• Application Software – Software that simulates physical processes and runs across many cores is typically sophisticated. The complexity is not just the mathematics underlying the simulation, but the reliance on highly tuned libraries to manage the networking, work distribution, and the input and output to storage systems. The application needs to be architected to keep the overall system busy, otherwise, the investment for a high performing infrastructure will not have a high Return on Investment.
  • Orchestration – Setting up a part of a large cluster can be challenging. A massive supercomputer will rarely have the entire system dedicated to a single application. Therefore, software is needed to allow a scientist or engineer to allocate a certain number of servers, GPUs if needed, network bandwidth, and storage capabilities and capacities. All of these sub-systems, as well as the installation of an Operating System (OS) and associated software on the allocated notes needs to be handled seamlessly and effortlessly. Setting up the software for HPC storage is critical for applications which require fast data access.

What Defines an HPC Cluster?

An HPC Cluster is defined as a collection of the components that allow for applications to be executed. The software will then typically run across many nodes and access storage for both the reading and writing of the data. All of this, including the communication between nodes and the storage system, needs seamless communication. Typically, several different types of nodes comprise an HPC Cluster. HPC cluster components will include:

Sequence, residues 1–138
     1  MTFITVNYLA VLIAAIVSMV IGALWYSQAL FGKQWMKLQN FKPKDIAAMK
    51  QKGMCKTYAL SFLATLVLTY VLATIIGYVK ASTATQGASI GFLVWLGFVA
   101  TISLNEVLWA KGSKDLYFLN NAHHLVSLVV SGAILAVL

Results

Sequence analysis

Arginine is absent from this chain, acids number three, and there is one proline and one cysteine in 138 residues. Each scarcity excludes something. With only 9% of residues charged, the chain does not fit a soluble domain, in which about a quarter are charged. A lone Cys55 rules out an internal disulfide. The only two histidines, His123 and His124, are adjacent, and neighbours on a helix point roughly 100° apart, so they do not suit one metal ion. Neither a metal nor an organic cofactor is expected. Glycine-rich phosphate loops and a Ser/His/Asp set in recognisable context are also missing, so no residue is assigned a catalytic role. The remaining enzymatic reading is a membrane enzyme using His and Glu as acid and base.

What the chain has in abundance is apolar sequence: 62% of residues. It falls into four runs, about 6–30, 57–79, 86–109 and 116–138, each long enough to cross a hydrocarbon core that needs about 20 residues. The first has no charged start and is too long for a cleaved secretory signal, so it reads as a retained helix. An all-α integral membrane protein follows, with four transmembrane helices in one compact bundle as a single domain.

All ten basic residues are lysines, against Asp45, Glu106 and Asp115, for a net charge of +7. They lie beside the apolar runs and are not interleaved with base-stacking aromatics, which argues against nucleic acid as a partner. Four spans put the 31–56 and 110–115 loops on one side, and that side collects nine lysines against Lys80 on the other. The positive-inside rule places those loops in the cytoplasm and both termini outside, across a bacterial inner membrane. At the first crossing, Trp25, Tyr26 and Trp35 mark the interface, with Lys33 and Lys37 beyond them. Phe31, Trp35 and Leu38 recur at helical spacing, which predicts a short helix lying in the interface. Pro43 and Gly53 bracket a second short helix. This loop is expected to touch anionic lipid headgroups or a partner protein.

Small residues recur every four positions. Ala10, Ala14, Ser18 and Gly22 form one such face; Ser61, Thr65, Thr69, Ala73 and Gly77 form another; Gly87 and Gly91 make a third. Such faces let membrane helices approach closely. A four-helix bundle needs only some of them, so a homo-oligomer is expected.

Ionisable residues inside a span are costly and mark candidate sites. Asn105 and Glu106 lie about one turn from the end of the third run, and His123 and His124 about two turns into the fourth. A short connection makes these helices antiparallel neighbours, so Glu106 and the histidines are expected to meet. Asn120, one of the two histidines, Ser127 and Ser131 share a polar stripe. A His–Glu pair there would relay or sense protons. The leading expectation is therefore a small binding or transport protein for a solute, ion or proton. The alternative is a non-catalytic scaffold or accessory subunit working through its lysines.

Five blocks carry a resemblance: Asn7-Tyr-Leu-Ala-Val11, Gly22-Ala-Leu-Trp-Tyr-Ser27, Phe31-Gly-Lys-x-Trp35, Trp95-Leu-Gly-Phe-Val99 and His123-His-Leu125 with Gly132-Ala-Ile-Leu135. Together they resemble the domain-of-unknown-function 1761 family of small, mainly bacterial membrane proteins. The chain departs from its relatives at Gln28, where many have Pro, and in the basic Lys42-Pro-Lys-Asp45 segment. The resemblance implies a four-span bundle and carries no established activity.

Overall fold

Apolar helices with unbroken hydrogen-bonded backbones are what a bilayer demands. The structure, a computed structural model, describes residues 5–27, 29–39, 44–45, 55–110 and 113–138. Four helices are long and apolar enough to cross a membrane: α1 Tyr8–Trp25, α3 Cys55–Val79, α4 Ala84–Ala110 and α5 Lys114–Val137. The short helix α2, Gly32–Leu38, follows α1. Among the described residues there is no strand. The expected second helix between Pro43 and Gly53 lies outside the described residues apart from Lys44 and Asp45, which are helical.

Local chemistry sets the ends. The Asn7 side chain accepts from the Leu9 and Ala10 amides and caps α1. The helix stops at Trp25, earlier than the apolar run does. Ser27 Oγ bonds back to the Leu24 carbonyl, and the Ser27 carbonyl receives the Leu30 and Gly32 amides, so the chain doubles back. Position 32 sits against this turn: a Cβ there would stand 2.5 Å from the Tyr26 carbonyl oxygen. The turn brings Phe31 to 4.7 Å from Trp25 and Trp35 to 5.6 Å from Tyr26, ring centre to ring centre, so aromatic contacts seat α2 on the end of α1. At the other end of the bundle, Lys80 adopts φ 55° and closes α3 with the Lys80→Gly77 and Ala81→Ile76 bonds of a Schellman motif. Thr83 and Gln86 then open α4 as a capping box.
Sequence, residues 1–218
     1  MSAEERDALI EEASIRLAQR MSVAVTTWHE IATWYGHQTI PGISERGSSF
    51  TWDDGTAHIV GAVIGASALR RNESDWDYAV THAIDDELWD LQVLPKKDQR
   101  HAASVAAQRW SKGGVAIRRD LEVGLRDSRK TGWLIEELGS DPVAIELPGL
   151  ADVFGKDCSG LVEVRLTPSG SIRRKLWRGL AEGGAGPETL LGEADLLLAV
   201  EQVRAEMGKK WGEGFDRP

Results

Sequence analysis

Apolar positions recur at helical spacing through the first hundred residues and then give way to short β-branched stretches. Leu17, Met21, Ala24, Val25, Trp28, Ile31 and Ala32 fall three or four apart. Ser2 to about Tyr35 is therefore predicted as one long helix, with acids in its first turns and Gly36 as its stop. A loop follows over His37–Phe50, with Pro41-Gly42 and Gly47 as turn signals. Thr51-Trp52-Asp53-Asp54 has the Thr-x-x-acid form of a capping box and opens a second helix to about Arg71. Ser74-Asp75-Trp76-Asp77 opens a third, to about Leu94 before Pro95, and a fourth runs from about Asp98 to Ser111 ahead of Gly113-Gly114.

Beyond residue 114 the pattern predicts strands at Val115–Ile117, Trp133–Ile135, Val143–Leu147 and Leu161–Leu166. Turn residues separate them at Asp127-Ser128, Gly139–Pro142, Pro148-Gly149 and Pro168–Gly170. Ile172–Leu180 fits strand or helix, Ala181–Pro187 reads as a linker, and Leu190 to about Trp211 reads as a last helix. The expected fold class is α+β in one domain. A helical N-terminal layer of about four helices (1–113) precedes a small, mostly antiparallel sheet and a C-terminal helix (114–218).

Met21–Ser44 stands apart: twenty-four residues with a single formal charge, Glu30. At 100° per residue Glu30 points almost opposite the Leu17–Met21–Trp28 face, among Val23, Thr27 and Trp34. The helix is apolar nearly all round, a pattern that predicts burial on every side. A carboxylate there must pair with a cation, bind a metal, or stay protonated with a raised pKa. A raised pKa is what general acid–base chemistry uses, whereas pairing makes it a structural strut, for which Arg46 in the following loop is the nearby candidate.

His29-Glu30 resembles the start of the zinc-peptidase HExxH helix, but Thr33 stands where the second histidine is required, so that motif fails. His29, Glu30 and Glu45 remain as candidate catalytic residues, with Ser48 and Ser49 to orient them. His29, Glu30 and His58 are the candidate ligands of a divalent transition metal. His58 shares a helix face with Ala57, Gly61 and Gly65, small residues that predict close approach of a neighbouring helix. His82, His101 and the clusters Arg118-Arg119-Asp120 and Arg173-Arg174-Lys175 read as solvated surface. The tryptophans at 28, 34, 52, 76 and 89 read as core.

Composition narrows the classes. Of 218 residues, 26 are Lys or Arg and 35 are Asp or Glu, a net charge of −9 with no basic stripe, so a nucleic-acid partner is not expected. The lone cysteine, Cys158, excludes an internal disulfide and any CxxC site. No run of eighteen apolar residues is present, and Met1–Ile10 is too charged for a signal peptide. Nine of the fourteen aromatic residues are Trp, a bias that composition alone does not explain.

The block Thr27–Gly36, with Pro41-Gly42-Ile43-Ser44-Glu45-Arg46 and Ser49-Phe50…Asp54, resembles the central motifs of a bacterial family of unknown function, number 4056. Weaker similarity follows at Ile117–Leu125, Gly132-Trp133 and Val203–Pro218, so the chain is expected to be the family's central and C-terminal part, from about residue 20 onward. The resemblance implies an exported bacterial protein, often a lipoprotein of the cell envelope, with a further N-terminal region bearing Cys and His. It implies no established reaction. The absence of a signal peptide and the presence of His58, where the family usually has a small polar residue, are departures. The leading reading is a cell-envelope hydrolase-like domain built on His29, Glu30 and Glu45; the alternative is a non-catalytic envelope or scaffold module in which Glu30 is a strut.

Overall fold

• Head node or login node – This node validates users and may set up specific software on the compute nodes.
  • Compute Nodes – These nodes perform the numerical computations and will probably contain the highest clock rates available and affordable with the maximum number of cores at the given clock rate. The persistent storage on these nodes may be minimal, while the DRAM memory will be high.
  • Accelerator Nodes – Some nodes may include one or more accelerators, since not all applications can take advantage of these accelerators. Smaller HPC clusters, designed for a specific use may be set up where all nodes contain an accelerator
  • Storage Nodes or Storage System – An efficient HPC cluster will need to contain a high performance, parallel file system (PFS). A PFS allows for all nodes to communicate in parallel to the storage drives. HPC storage allows for the compute nodes to operate with minimal wait times.
  • Network Fabric – In HPC clusters, typically, an Infiniband or high performing Ethernet network switch will be used, due to the requirement of low latency and high bandwidth features.
  • Software – An HPC cluster cannot operate without the underlying software required for the applications to be executed on, or the software that controls the underlying infrastructure. Software for an efficiently running of an HPC cluster needs to manage the massive amounts of I/O that are inherent to HPC applications. Reading and writing of data in parallel from the large numbers of CPUs to the storage system (whether internal or external to the servers) should be considered critical and not be ignored.